Klever Insight Helps Companies Answer Key Question: What To Do Next?

Analysis and key objectives based on your team’s skill set, past experiences and ability to execute are presented through Klever Insight's virtual platform. (All photos provided by Klever Insight.)

In business, as in life, perhaps the most confounding and important question is: What should I do next? The good news is that Klever Insight has the answer. Caveat: it only promises to work for customer success and support teams of enterprise software companies. Hey, we have to start somewhere.

Billing itself as the world’s first “Smartest Next Step” platform, Klever Insight provides customer success and support teams a step-by-step way to focus on the important fine-tuning and tools that companies need, from realigning resources and talents to addressing the capabilities and behavior of employees.

The Durham-based company will be a featured presenter on the main stage at the CED Tech Conference on Feb. 25-26 at Raleigh Convention Center. They’re especially eager to get in front of the 100+ investors expected at the conference as they look to top off a current financing round with an additional $1.6-2.5 million.

Part of the case Klever Insight makes to investors is that it’s addressing a big problem. According to a Genesys report, enterprises lose $338 billion annually from poor customer support.

“In our world of customer support, it’s like an emergency room of a hospital where people are coming in all the time,” said Phil Verghis, the CEO of Klever Insight.

The five-minute survey recommends the best next strategic focuses to help with decision-making.

Verghis believes the average manager has about 10 minutes, per person per day, to coach his or her employees. So he created a data-driven, digital coach to help management teams help their employees—which ultimately, helps the company and their costumers.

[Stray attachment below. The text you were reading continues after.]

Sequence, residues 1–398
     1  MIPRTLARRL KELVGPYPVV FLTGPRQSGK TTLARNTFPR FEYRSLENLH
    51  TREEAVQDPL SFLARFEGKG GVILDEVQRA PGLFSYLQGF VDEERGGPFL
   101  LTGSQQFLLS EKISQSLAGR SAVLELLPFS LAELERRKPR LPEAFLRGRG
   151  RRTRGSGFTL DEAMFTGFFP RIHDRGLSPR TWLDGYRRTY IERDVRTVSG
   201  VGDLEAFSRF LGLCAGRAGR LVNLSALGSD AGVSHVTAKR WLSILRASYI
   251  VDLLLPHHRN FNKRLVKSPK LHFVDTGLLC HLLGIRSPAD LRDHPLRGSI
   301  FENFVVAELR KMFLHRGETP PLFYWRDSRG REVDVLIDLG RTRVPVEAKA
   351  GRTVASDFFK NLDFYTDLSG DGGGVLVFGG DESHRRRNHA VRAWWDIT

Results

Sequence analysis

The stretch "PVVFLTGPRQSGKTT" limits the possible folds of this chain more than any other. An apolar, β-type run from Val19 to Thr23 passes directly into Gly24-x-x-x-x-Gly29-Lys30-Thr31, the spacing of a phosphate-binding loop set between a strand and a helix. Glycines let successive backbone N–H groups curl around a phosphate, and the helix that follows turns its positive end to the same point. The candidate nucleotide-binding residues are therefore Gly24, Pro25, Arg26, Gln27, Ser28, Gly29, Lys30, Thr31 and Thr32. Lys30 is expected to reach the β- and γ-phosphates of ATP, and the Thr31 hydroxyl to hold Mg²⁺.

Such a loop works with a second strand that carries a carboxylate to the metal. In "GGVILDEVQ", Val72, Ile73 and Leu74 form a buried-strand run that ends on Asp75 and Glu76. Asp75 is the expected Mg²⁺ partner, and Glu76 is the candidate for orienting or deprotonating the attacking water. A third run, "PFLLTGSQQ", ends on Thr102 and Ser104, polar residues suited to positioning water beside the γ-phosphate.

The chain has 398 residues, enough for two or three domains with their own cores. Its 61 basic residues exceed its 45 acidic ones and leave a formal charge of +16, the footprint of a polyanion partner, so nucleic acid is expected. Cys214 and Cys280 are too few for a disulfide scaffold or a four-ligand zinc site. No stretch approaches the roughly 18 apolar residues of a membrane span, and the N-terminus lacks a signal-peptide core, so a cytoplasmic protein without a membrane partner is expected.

Klever Insight has a unique “5:24:30” approach.

Their clients answer a 14 question survey that takes about five minutes, then within 24 hours, Klever Insight recommends your “smartest next step.”

The digital advisor compares responses to data about organizations with similar characteristics and recommends what is likely to work for the company.

The data-driven algorithm provides key objectives based on your team’s preferences, past experiences and ability to execute. There is no consulting or professional services required and managers can send out tasks to train employees within an hour.

The digital advisor recommends the next smartest thing to focus on for the following 90 days.

The programs provide bite-sized assignments for managers, so they can do a little bit every day to make a difference. Success is measured via a series of customized metrics, which on average, take a maximum of 30 days to see results. (That’s the final piece of the 5:24:30 approach.)

Klever Insight’s Open Customer Metrics Framework (OCMF) shows progress and provides advice to help customer support and success teams focus on the metrics that matter, Verghis said.

The executive team spent two years building the algorithm and seeking to develop the right questions that can provide management with proper feedback, data and help.

Thousands of people across more than 40 countries have taken the survey that helps diagnose issues and recommend solutions. Meanwhile, Klever Insights currently has 20 clients around the world using the software.

One of the company’s notable clients is Hewlett Packard Enterprise (HPE,) a $7B information technology business, which has 12,000 employees in customer support alone. According to a case study by HPE, it saved $58 million through Klever Insight’s services.

“We are complementary to consultants, we don’t regulate them,” Verghis said. “We think about how to approach a problem, not how to do it. We are helping with higher-level problems that help them do their job so they can see the results quickly.”

In the next 12 months, Klever Insight hopes to continue to connect the dots, Verghis said. Its upcoming fundraise will help broaden its tool set to target smaller companies as well as the Hewlett Packards of the world.

“We work with some of the most sophisticated enterprises on the planet,” said Verghis. “So we are working on helping smaller companies that are growing quickly, who have the same problem. If we could help big companies, we could help small ones too.”